How to Minimize Them
On the one hand, pesticides play an important role in making sure there is enough food for everyone, by protecting food and crops from pests (insects, weeds and fungal diseases). On the other hand, the concern about pesticide residues on the food we eat is real and with some basis in facts. What can we do at our homes to make our food safe?
Excessive pesticide residues in food may arise from the trade not observing good agricultural practice – for example, the use of excessive pesticide and not allowing sufficient time for pesticide to decompose before harvesting. Pesticides ‘break down’ over time, which means very little residue should be left by the time we eat the food if due procedure is observed.
Why would pesticide residues appear in food?
Pesticide residues may be present in food because of the following reasons: direct use of pesticides on food crops; animal feeding on pesticide-treated feed; or environmental contamination
Will my health be affected if I consume food containing excessive pesticide residues?
The adverse effects of pesticide residues depend on the nature of the pesticide, as well as the amount and duration of exposure. Eating food with excessive pesticide residues may cause acute and/or chronic adverse health effects. Symptoms of acute poisoning include vomiting, diarrhoea, abdominal pain, dizziness and numbness. In severe cases, people may even have
difficulties in breathing, blurred vision and convulsion. Prolonged excessive intakes of pesticide residues have been shown to cause damage to the nervous system and other organs such as liver and kidneys. Young children may be at greatest risk because their brains and nervous systems are developing and don’t have the defences that adults do.
How to minimize pesticide residues in food?
General Methods Trim the fat from meat and poultry because residues of some pesticides concentrate on fat. Remove the skin from fish. Discard the outer layer of leafy vegetables like cabbage, lettuce, etc., before washing. Peel fruits and vegetables where possible. Scrub melons, carrots, potato, turnips, etc., with a soft brush or a cloth towel for 5 to 10 seconds and rinse with slightly warm water. Wash in clean running, preferably drinking, water. Vegetables and some fruits that are consumed along with peel should be soaked in water for ½ hour to 1 hour and rinsed thoroughly before use. Thorough washing can reduce (not eliminate) pesticide residues. Cook or bake foods to reduce residues of some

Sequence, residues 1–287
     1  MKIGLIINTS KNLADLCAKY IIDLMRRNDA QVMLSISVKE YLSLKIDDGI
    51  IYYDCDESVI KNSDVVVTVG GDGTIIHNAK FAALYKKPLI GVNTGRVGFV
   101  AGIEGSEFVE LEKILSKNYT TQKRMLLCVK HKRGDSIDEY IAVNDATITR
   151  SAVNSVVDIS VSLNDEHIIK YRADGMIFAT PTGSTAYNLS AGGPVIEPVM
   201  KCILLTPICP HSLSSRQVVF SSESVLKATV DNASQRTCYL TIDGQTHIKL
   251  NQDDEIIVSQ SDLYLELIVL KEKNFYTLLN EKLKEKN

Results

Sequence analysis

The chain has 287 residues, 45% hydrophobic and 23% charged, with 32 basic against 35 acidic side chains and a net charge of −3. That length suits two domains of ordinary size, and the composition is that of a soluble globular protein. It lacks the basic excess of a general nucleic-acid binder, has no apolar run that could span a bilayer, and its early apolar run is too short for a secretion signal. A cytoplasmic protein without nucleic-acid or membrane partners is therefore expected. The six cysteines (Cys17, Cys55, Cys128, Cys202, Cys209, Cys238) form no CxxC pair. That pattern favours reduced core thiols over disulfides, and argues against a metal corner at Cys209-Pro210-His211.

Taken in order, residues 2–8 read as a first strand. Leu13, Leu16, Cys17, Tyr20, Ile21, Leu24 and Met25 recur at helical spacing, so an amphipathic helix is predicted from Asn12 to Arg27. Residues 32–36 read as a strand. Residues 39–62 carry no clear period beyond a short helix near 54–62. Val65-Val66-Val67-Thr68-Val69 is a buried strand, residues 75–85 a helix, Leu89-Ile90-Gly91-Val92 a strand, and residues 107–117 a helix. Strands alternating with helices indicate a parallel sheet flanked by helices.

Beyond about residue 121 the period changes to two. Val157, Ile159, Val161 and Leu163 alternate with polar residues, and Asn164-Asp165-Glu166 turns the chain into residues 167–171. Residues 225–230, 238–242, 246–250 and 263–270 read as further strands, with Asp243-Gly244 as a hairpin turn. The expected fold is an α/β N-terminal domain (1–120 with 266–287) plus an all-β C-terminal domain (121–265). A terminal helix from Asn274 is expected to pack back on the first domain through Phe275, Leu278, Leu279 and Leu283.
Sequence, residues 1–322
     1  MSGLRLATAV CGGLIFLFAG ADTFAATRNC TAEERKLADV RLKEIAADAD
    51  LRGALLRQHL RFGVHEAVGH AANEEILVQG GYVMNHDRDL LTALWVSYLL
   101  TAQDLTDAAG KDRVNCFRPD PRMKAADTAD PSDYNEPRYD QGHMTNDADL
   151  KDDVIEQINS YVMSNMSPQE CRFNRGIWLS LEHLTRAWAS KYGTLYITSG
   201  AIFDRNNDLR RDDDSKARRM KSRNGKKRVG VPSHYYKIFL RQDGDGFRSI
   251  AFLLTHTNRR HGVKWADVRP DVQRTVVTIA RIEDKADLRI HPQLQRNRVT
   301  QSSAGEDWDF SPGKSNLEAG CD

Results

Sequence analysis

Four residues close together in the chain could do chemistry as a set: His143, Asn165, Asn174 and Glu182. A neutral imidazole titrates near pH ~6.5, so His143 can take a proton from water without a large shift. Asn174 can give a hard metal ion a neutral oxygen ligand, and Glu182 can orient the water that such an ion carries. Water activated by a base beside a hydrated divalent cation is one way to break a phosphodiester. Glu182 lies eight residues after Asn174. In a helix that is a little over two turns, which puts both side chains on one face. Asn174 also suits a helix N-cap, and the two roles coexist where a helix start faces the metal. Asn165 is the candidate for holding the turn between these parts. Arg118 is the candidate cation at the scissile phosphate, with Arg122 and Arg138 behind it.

pesticides even further. Eat a variety of foods to avoid excessive
consumption of same type of pesticide. Specialized Methods To reduce pesticide residues in food, ready-touse branded solutions are available in the market which may be used. Soak fruits and vegetables for 5 to 10 minutes in
diluted vinegar, followed by thorough rinsing. Wash vegetables like cauliflower, spinach, broccoli and cabbage with hot water containing two per cent common salt. Wash vegetables like carrot and brinjal with one
per cent tamarind solution. Dipping in ozonated water helps in reduction of
pesticide residues. For particularly waxy fruits and vegetables, spray a mixture of 1 cup water, ½ cup vinegar, 1 tablespoon baking soda and a dash of grapefruit seed extract, and leave for an hour before rinsing. Prepare any one of the following solutions and spray on fruit and vegetables, leave for 5 to 10 minutes, and then wash well with fresh water. i) 1 tablespoon lemon juice, 2 tablespoon baking
soda, 1 cup of water ii) 1 tablespoon lemon juice, 2 tablespoon white
vinegar, 1 cup of water iii) ¼ cup vinegar, 2 tablespoon salt
Alternately, soak fruits and vegetables for 30 minutes in a large bowl of water and use any one of the above solutions. Then wash in fresh water.
Despite the potential health risks of pesticide residues, the health advantages of eating plenty of fruits and vegetables are likely to be far greater. So load up on fruits and vegetables to protect your health. At the same time, minimize your exposure to unwanted pesticides by taking some simple steps.